That Which Remains…
1 Cor. 13
† In Jesus Name †
May your life be so lived in the mercy and love of God, that it resounds with trust, with hope and with the love of God!
For nearly two hundred years, the doors of a cathedral in Macao have stood open, and people have poured through them, cameras at the ready, with guards quickly reminding them that they couldn’t bring any food or drink into the church proper.
The day we visited there, you could not count the throng of people, as tour busses dropped people off at the base of the stairs, 66 steps below the church’s main doors, to see that hallowed ground. The church was on top of one of the hills in the city, and looked over the streets below, where everything you could think of was for sale.
It was a bit eerie walking through the doors, as your eyes ran the length of the stone floor, as you looked to where the altar should be, as you saw people snapping pictures. You’ll see a picture of the church later, well, of the one way that has been all that has remained since 1830….
As I read today’s epistle passage about the incredible things we are given the ability to do, and their value if we do them without love, St Paul’s Cathedral comes to mind. A Church, a place, designated as holy ground, with people thronging and busily moving about it, but without the word of God, without the altar to which people are called to share in Christ’s feast, It too, is lacking. For both, a ministry without sacrificial love, and a church without God’s word and sacrament, is worthless, a testimony of no value, a place where history may be celebrated, even bragged about, but no transformation, no repentance, occurs.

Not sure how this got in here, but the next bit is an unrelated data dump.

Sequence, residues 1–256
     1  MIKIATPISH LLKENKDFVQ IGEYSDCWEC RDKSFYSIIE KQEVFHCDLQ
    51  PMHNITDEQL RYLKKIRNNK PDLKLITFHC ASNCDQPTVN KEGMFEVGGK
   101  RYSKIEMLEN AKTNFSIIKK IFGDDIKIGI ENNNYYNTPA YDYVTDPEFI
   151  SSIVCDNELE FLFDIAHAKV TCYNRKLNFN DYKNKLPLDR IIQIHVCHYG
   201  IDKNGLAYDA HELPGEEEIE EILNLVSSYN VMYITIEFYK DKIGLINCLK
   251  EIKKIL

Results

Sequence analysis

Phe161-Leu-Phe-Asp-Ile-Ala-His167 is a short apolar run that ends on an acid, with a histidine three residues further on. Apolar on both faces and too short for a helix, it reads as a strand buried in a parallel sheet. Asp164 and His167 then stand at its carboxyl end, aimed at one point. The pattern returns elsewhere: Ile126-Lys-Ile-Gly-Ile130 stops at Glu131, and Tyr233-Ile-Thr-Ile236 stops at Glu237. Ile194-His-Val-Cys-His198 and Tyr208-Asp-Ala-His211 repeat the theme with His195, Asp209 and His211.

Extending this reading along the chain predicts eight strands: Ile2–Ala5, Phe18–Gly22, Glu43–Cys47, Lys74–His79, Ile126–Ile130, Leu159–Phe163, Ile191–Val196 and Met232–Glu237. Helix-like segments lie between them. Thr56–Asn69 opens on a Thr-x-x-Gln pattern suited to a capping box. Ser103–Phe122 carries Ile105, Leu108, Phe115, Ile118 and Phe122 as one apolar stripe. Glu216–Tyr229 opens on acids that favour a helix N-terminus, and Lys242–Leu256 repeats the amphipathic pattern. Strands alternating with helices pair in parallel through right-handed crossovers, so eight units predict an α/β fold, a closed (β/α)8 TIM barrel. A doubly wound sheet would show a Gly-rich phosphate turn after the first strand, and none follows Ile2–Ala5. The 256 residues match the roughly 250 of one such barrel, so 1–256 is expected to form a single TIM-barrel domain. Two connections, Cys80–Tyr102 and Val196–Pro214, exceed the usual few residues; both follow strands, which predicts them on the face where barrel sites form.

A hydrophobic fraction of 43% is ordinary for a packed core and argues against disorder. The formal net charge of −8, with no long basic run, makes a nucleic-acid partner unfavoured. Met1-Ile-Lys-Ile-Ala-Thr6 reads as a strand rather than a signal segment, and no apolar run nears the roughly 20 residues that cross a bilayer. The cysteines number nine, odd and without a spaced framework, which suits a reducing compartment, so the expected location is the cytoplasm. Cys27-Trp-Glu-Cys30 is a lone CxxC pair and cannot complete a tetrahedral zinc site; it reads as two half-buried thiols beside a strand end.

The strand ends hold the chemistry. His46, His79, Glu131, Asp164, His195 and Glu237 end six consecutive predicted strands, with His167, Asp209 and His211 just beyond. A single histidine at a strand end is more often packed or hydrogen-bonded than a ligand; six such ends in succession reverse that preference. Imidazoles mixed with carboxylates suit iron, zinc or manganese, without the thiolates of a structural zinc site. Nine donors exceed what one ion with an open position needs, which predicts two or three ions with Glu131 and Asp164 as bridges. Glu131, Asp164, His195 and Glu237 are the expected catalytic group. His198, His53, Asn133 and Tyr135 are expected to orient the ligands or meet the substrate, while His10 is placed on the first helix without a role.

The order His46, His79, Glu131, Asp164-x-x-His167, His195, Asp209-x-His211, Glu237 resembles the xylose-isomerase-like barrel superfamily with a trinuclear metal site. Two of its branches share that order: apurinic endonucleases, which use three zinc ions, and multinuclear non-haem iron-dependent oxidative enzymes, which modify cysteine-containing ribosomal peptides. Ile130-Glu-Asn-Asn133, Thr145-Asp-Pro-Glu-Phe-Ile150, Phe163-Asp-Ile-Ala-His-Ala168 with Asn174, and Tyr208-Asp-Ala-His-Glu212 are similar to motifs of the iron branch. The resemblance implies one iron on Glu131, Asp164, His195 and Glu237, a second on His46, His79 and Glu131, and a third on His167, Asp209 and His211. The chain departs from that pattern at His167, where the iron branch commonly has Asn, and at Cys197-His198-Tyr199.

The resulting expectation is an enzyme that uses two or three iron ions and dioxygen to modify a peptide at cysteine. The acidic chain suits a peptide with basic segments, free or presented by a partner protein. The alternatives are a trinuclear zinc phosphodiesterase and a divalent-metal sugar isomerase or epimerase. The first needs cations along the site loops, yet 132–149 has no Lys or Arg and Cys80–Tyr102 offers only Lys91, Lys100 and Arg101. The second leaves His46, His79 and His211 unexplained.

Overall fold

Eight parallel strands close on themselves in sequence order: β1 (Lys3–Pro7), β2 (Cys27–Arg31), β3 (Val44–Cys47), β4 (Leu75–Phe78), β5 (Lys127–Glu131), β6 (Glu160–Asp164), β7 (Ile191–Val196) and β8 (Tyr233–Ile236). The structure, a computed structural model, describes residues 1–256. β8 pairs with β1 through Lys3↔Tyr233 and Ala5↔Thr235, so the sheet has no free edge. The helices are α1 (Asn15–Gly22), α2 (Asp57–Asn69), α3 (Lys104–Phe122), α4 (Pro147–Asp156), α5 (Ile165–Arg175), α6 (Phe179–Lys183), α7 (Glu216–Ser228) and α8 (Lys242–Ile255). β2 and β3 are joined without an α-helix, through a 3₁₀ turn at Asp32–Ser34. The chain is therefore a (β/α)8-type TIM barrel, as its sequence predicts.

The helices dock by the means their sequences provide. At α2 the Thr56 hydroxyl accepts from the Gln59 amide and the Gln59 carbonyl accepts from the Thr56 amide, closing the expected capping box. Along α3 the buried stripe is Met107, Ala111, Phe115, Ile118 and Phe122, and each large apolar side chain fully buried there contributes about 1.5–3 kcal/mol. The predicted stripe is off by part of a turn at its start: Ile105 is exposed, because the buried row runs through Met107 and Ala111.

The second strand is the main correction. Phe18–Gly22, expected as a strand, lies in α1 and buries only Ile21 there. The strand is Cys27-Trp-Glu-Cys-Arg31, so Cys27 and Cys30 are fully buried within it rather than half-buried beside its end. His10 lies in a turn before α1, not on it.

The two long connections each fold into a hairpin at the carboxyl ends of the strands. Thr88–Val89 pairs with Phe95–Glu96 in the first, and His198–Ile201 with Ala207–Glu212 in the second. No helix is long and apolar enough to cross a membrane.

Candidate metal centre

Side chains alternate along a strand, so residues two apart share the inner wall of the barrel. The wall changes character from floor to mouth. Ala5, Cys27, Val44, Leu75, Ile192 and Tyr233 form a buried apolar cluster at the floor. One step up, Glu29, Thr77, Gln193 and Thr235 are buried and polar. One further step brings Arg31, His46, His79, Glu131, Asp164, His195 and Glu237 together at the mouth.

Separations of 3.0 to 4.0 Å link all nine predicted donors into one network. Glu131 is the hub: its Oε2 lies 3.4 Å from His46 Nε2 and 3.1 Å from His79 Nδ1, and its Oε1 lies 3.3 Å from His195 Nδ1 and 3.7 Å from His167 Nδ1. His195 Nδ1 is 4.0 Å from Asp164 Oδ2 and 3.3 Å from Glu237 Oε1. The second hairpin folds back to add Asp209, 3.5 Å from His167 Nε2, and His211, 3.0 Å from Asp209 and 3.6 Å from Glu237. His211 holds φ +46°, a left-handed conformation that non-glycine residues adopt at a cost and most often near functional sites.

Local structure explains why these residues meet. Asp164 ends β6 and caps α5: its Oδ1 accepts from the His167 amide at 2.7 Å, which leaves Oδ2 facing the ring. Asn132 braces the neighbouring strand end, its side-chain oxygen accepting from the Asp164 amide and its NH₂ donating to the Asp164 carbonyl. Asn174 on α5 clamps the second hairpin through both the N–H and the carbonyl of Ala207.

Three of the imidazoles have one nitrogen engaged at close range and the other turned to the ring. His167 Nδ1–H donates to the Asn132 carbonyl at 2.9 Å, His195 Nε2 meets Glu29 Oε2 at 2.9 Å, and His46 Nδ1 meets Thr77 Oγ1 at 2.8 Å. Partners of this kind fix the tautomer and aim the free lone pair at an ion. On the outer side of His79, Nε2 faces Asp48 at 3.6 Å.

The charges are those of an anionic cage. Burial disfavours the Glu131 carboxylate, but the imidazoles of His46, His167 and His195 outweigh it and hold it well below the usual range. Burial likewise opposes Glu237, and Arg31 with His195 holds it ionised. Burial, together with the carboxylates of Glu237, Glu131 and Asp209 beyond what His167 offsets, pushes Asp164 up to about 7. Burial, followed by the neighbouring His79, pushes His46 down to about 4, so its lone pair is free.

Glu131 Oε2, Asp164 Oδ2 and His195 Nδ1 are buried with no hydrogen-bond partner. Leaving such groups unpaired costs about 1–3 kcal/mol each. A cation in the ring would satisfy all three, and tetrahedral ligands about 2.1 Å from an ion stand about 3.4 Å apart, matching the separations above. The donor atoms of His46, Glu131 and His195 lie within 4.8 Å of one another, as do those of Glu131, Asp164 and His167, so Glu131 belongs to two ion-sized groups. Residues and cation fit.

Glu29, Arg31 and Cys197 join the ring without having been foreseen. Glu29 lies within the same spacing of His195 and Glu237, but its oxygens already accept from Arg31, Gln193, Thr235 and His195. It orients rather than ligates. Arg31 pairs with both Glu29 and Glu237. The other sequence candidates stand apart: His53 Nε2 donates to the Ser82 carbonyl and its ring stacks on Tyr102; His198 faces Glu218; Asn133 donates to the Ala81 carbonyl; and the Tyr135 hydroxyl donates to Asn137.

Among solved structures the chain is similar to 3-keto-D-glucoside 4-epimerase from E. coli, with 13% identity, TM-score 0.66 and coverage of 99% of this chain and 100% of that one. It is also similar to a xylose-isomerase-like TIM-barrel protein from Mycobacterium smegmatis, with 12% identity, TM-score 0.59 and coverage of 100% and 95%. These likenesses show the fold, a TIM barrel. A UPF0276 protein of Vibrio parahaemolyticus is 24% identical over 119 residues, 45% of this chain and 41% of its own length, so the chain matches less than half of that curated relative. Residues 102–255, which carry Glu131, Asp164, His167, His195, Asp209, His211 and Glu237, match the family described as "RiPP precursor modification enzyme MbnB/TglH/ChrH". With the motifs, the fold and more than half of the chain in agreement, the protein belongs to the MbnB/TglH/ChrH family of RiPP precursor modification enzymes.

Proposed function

It may bring about awe for a moment, but really is a place of sadness, and regret.
Such is the nature of ministry without His love, no matter how great the charisma, not matter how many people throng and applaud the works done and the words said.
How do we judge how well we are doing in our vocation?
As individuals? As the church?
This test reminds me of 7-11 – we get a big gulp!
Just curious – how many people had 1 Corinthians 13 read at their wedding? How many of you remember your wedding?
You all know that this isn’t just the standard for you marriage, but for every relationship, you are in…in your entire life? Remember the two commandments? Love God with… (wait for answer) and love your…
So let’s take a test, and inventory of how well we love… how good we’ve gotten at it. I’ll even give you a pass on your love for God, and we’ll just talk about your love for your spouse, your families, and your neighbors and coworkers. So in this test – at the bottom of the prayer list, you have a little chart. First column goes the Bible’s characteristic of Love… then the second is your grade, pass or fail. The third would be the church’s grade.
Number One, put a check in the box a1 if you are patient and kind with you spouse if you are married, with your family (including in-laws) and with your neighbors and co-workers. Patient is from the word long-suffering and kind is to be merciful, willing to forgive and restore people to their original relationship with you… Okay, if you do that – no exceptions – put a check there.
Now put a check in box 1B if you believe the church has the same characteristic.
Same for box 2a and 2b if you are never jealous of what your spouse, your family or neighbors and co-workers have or do. Or if you never show off what you have. What about us as a church. Are we jealous that another church has a better…. Hmm well no other church has a better congregation or music team… O wait – just bragged about us – no check there!
Box 3a and 3b – Are you ever one who has to have your own way, that your spouse, your children, your neighbors have to do things your way or else it is not good enough? What about us as a church – do we demand we do things our way – and if others don’t like it, well they aren’t real Christians anyway, so who cares about them?
Box 4a and 4b – any of us easily irritated by our spouses, by our kids and/or grandkids, or that one co-worker, or the neighbor who plays their music too loud? What about the person who bashes Christianity? You can only put a check in the box if you ever irritable…